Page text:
Kulshan Creek Field Trip: The Search for Salmon at Cumberland Creek
Kulshan Creek Neighborhood Youth Program is a year-round educational program that engages young people ages 5 to 18 from two Skagit Valley neighborhoods in a series of monthly field trips to explore the outdoors and learn about our local watersheds.
This post is courtesy of Ellie Price, the Youth Ambassadors and College Access Coordinator. In it she describes a Kulshan Creek outing at Cumberland Creek.
The weather was cold and rainy, but this didn’t stop the intrepid Kulshan Creek crew from having a blast at during their monthly field trip and outing. About eight students, three adults, and four high school volunteers decked themselves out in rain gear and rain boots to brave the weather and check out the salmonids spawning at Cumberland Creek.
We arrived at the Skagit Land Trust’s property to a gentle drizzle and immediately warmed up by playing the Salmon Game. The Salmon Game involves pretending you are a young salmonid that has to swim from the stream you were born in out to sea, circle one of the adult volunteers four times to signify the four years you spend in the ocean, and finally face the host of obstacles blocking you from returning to your original starting point in your home stream. These obstacles included Officer Serrano, who acted as a fisherman and tried to catch the students, and Orlando Garcia who pretended to be a bear chasing after fleeing salmonids. Two high school volunteers also stood arm-in-arm in the middle of the field as a dam, which inhibited the salmonids from reaching their goal.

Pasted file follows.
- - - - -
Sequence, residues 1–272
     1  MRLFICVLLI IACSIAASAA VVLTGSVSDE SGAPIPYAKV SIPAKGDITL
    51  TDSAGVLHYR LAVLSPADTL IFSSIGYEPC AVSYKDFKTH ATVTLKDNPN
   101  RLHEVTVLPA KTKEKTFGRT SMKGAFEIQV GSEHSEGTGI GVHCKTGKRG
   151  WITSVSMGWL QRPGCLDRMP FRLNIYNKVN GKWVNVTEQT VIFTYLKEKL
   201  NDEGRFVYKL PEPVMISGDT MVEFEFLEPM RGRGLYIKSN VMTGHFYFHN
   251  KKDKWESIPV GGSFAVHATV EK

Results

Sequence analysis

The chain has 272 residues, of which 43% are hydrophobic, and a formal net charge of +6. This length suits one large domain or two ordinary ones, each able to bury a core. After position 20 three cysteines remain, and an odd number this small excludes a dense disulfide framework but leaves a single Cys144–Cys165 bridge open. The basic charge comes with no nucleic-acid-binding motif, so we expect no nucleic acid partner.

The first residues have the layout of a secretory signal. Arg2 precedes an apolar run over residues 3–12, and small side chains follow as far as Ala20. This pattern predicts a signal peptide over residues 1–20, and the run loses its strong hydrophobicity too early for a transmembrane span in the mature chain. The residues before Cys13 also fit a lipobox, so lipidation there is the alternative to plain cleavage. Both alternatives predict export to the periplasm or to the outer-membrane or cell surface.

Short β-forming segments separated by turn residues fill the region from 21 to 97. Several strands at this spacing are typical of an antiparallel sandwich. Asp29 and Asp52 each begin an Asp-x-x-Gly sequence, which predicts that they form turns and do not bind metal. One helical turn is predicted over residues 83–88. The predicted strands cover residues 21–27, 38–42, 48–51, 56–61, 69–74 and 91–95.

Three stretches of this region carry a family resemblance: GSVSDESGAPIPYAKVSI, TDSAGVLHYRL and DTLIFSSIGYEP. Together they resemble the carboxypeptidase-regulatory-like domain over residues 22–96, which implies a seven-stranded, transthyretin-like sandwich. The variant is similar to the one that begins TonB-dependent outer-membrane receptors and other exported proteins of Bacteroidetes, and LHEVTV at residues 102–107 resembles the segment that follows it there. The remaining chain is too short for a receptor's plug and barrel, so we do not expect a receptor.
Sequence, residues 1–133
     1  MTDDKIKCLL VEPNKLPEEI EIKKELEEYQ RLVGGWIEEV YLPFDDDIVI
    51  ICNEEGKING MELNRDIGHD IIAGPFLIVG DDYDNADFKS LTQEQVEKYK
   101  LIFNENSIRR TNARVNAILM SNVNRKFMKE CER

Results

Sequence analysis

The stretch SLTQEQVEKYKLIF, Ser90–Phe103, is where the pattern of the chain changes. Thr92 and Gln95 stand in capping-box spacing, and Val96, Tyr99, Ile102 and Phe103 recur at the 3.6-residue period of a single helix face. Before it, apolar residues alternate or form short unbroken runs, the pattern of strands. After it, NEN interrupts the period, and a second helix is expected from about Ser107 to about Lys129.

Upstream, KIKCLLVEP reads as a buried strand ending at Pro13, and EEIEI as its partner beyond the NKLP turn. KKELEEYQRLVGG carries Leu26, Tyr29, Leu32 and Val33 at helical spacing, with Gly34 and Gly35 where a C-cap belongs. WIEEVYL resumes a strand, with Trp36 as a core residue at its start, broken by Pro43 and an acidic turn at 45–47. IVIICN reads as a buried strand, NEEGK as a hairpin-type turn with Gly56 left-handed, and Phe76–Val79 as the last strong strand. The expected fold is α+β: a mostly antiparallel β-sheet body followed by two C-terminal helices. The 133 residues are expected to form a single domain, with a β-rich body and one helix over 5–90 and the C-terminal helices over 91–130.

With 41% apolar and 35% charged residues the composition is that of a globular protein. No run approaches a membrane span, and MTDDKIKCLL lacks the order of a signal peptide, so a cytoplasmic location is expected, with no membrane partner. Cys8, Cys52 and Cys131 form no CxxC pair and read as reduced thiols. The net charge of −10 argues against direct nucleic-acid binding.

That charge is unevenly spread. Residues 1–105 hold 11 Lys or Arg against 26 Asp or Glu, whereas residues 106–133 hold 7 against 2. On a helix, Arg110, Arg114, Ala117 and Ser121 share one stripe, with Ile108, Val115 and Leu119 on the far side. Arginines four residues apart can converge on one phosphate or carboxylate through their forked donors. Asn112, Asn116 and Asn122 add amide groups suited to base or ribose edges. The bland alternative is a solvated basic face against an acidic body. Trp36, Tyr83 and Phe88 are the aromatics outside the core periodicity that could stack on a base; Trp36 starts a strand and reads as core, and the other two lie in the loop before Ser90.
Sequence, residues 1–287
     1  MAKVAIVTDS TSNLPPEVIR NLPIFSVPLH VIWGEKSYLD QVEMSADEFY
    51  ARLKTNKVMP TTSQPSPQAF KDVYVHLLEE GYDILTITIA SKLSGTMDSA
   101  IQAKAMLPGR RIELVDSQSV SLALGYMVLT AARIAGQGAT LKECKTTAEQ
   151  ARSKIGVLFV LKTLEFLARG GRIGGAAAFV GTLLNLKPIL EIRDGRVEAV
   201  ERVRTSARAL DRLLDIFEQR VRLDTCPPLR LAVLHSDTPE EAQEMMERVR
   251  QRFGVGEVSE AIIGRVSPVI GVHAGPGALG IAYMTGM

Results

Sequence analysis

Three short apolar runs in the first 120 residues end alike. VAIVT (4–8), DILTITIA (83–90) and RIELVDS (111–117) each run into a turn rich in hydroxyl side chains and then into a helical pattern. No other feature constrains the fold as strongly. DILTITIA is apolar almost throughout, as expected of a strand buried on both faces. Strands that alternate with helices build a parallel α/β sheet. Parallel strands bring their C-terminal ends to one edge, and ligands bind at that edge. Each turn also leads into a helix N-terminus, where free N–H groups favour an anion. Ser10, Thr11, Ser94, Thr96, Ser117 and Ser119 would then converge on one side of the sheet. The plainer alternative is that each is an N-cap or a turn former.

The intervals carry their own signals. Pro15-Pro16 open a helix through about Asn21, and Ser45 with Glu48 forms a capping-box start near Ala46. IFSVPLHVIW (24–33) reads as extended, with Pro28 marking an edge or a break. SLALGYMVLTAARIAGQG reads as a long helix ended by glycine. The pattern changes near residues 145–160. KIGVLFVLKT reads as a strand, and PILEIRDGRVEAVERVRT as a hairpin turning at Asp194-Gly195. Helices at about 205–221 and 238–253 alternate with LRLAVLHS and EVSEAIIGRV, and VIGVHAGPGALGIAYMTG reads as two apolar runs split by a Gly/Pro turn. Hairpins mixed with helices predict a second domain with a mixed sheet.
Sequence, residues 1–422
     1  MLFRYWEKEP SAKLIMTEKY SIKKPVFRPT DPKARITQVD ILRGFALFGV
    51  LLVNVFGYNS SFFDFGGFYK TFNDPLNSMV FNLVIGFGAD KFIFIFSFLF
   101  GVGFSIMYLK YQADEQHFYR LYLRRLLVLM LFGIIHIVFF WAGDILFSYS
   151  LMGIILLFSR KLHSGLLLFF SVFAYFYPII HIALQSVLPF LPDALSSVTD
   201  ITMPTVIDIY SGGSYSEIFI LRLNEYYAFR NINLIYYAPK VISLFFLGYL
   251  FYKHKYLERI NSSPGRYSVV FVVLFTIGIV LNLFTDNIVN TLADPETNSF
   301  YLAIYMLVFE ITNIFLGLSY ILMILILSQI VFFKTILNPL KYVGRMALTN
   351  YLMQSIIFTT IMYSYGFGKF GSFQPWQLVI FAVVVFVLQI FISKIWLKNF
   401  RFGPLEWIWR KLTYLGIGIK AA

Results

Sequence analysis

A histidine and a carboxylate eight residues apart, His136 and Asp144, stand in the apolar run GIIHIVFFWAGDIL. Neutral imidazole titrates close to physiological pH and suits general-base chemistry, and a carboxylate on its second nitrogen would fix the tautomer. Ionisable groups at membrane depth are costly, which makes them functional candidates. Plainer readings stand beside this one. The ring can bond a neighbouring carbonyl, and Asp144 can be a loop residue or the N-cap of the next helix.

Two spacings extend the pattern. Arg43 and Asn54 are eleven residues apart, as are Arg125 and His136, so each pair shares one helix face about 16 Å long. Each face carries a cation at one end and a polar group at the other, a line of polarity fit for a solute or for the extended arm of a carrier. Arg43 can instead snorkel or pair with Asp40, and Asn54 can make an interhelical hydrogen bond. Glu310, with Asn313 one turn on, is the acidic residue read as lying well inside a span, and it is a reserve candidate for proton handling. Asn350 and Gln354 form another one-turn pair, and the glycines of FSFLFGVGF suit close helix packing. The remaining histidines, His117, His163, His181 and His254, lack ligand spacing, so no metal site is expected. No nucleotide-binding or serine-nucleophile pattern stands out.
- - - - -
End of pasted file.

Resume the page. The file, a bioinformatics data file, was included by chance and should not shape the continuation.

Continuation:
There was much laughter, running, creativity – and maybe even learning? The goal of the day was to introduce students to the natural wonders in their own backyard, to bring the joys of games and activities to the outdoors and pair them with environmental stewardship and science education.
Cumberland Creek flowing into the Skagit River; photo courtesy of Skagit Land Trust
Once everyone one was warm we got out our maps and made our way through the scattered trails to the Skagit River. Along the way the students and volunteers made use of our walk to clear the trail and give back to the Skagit Land Trust. The students worked together to break branches and throw them off the trail, move brambles and sticker bushes out of the way, and improve the trail for the next group of explorers. Though we made a couple wrong turns and ended up hiking a mile or two extra, we made it to the Skagit River, our goal, and headed back towards the bus. Waiting for us were Skagit Land Trust interpreters and volunteers with snacks, educational materials, and warm tents.
We spent the rest of our time learning from the volunteers and peering into the Cumberland Creek searching for spawning salmonids. None were seen, but fun was had by all. Pictured above are two students learning about how salmonds reproduce with a stuffed salmon and preserved eggs in jars. The Skagit Land Trust volunteers were excellent educators and made learning fun. By this time everyone was hungry and the rain was increasing so we ran for bus and ate our lunch in warmth. It was a fun day outside with a wonderful group of students and volunteers who were not daunted by the weather, but instead made it an adventure.
(Top Photo) Courtesy of Ellie Price